Parallels Between Archaic Entrepots and Modern Offshore Banking Centers

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A discussion of the origins of urbanization may provide some insight into the character of modern social problems by highlighting the long historical dynamic at work. It may not be out of place here to point out that anti‑states are well known in the modern world, above all in what the U.S. Federal Reserve Board classifies as eleven offshore banking centers. Five such enclaves are in the Caribbean: Panama, the Netherlands Antilles (Curacao), Bermuda, the Bahamas, and the British West Indies (Cayman Islands). Three enclaves—Hong Kong, Macao, and Singapore—were founded to conduct the China trade. The remaining three are Liberia, Lebanon, and Bahrain at the mouth of the Persian Gulf—the island which Bronze Age Sumerians called Dilmun when they used it to trade with the Indus valley and the Iranian shore.

Nothing would seem more modern than these offshore banking and tax-avoidance centers. They are the brainchildren of lawyers and accountants in the 1960s seeking to weave loopholes into the social fabric—to provide curtains of secrecy (“privacy”) to avoid or evade taxes, and to serve as havens for ill‑gotten earnings as well as to facilitate legitimate commerce.

Whereas modern nation‑states enact laws and impose taxes, these enclaves help individuals evade such regulations. And whereas nation‑states have armies, these centers are the furthest thing from being military powers. They are antibodies to nationhood, yet more may be learned about Ice Age, Neolithic, and even Bronze Age gathering and meeting sites by looking at these modern enclaves than by examining classical city‑states such as Athens and Rome.

Timeless Features of Entrepots

1. They Lack Political Autonomy

Instead of being politically independent, the modern offshore banking centers and free trade zones are small former colonies, e.g., the Caribbean islands as well as the Chinese entrepots. The Grand Cayman Island was a Jamaican dependency until 1959, when it chose to revert to its former status as a British crown colony so as to benefit from what remained of imperial commercial preferences. Liberia and Panama are U.S. dependencies lacking even their own currency system (both use the U.S. dollar). Hong Kong did not gain title to its own land until Britain’s leases expired in 1997. Panama did not gain control of its canal until 1999.

In sum, whereas political theorists define the first characteristic of modern states (and implicitly their capital cities) as being their ability to enact and enforce laws, offshore banking centers are of no political significance. In the sense of being sanctuaries from national taxes and law authorities, such enclaves are in some ways akin to the biblical cities of refuge. If they are not sanctuaries for lawbreakers in person, they at least provide havens for their bank accounts and corporate shells.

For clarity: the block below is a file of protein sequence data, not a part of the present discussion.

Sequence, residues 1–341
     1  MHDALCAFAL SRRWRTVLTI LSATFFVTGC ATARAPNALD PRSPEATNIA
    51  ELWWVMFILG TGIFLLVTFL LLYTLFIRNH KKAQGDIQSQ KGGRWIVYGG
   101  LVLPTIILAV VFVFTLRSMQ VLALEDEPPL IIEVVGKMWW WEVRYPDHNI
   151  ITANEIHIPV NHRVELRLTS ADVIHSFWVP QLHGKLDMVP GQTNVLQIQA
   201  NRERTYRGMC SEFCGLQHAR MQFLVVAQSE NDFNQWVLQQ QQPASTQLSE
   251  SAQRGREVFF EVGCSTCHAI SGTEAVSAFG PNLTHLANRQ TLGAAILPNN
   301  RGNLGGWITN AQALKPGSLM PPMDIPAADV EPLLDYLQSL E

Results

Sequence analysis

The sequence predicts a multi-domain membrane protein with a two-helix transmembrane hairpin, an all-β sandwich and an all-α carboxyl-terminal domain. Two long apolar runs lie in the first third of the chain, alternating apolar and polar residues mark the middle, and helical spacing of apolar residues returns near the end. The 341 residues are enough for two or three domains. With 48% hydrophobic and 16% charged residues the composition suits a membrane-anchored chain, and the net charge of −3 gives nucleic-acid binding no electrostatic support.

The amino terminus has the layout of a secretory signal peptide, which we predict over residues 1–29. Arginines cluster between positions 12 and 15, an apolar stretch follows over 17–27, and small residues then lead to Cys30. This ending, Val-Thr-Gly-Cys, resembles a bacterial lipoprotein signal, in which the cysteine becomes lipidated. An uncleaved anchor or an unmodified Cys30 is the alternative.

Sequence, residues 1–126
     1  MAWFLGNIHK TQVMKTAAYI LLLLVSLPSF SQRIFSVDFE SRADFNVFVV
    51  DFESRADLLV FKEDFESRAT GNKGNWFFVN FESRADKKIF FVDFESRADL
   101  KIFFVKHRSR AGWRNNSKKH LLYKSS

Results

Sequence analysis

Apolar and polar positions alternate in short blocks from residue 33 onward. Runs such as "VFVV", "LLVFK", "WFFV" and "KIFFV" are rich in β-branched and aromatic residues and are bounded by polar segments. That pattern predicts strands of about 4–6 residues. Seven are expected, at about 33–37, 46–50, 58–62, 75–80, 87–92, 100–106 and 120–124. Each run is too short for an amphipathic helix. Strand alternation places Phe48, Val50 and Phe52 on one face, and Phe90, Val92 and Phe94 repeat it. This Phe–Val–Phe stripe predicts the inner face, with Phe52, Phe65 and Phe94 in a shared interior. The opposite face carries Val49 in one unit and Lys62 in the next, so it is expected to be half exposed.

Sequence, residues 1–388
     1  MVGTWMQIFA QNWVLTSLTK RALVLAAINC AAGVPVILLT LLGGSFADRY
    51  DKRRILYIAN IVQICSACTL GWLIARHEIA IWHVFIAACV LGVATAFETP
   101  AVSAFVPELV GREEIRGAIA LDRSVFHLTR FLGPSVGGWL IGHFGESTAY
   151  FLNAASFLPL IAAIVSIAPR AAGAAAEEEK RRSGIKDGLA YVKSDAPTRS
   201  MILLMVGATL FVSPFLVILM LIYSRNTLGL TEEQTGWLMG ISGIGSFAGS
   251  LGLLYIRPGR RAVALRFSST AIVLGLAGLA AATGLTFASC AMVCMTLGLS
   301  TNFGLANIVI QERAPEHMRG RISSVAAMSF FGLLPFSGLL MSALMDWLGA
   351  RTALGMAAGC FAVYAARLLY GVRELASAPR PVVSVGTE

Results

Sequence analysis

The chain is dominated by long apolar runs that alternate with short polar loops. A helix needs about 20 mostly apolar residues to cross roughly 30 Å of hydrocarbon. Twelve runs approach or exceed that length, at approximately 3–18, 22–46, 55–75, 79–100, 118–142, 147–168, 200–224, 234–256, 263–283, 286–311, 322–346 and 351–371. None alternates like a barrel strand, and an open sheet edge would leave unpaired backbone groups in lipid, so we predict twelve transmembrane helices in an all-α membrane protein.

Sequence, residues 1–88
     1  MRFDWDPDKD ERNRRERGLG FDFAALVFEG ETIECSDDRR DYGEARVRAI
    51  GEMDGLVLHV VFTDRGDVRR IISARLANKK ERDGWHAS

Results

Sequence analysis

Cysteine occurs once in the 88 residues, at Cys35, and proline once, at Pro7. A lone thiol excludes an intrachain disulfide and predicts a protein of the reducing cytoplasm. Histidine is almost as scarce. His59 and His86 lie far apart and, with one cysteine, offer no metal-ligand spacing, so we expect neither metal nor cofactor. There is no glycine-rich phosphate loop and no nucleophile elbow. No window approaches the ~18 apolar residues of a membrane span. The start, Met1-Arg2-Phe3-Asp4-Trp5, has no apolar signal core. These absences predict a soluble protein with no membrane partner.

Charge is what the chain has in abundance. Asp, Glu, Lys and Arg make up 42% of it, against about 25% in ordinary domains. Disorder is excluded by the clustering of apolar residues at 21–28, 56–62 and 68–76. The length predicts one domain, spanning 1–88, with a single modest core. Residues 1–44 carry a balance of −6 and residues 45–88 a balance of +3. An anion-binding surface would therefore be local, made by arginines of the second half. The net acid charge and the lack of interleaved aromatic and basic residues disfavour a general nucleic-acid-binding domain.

2. They Occupy Convenient Points of Commercial Interface Between Regions

Typically, entrepots are on islands or key transport navels such as the Panamanian isthmus. They are separated as free ports politically, if not physically, from their surrounding political entities. They often are centers of travel and tourism (“business meetings”) and for gambling. In antiquity they typically were centers for sacred festivals or games such as were held at Delphi, Nemia, the Corinthian Isthmus, or Olympia (whence our modern Olympic games originated in a sacred context).

3. They Enjoy Sacred (or Legal) Protection Against Attack

Although Delphi and Olympus were landlocked (as was Çatal Hüyük), they were centrally located for their local regions. They served as religious and cultural centers, whose festivals and games could be conveniently attended by the Hellenic population at large. Even visitors who were citizens of mutually belligerent city‑states enjoyed sanctuary. Of course, today’s enclaves no longer claim sacred status, except for the Vatican and its Institute for Religious Works promoting money-laundering functions1. Their commercial focus has become divorced from the religious setting associated with international commerce down through medieval Europe with its great fairs. And indeed, their attraction is especially to wealthy individuals avoiding the tax laws and criminal codes of their own homeland.

4. They Are Militarily Safe